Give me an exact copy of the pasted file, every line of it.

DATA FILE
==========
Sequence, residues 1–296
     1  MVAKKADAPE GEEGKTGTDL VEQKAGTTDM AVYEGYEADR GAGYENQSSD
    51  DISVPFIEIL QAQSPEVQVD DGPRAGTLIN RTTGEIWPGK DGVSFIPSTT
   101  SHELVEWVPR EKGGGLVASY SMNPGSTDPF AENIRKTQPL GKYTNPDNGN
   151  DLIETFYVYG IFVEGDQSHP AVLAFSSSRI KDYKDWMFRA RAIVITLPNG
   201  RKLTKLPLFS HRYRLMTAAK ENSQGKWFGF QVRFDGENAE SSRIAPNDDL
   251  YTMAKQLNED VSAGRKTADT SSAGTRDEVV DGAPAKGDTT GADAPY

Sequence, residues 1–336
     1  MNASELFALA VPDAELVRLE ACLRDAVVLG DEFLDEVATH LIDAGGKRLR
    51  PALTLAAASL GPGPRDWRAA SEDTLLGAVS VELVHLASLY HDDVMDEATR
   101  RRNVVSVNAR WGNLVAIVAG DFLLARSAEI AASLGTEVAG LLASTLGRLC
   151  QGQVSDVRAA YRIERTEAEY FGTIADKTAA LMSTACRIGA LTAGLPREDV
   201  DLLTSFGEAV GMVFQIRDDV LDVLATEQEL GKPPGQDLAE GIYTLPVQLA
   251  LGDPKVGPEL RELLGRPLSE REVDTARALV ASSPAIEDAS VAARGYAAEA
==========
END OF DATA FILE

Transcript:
Sequence, residues 1–296
     1  MVAKKADAPE GEEGKTGTDL VEQKAGTTDM AVYEGYEADR GAGYENQSSD
    51  DISVPFIEIL QAQSPEVQVD DGPRAGTLIN RTTGEIWPGK DGVSFIPSTT
   101  SHELVEWVPR EKGGGLVASY SMNPGSTDPF AENIRKTQPL GKYTNPDNGN
   151  DLIETFYVYG IFVEGDQSHP AVLAFSSSRI KDYKDWMFRA RAIVITLPNG
   201  RKLTKLPLFS HRYRLMTAAK ENSQGKWFGF QVRFDGENAE SSRIAPNDDL
   251  YTMAKQLNED VSAGRKTADT SSAGTRDEVV DGAPAKGDTT GADAPY

Sequence, residues 1–336
     1  MNASELFALA VPDAELVRLE ACLRDAVVLG DEFLDEVATH LIDAGGKRLR
    51  PALTLAAASL GPGPRDWRAA SEDTLLGAVS VELVHLASLY HDDVMDEATR
   101  RRNVVSVNAR WGNLVAIVAG DFLLARSAEI AASLGTEVAG LLASTLGRLC
   151  QGQVSDVRAA YRIERTEAEY FGTIADKTAA LMSTACRIGA LTAGLPREDV
   201  DLLTSFGEAV GMVFQIRDDV LDVLATEQEL GKPPGQDLAE GIYTLPVQLA
   251  LGDPKVGPEL RELLGRPLSE REVDTARALV ASSPAIEDAS VAARGYAAEA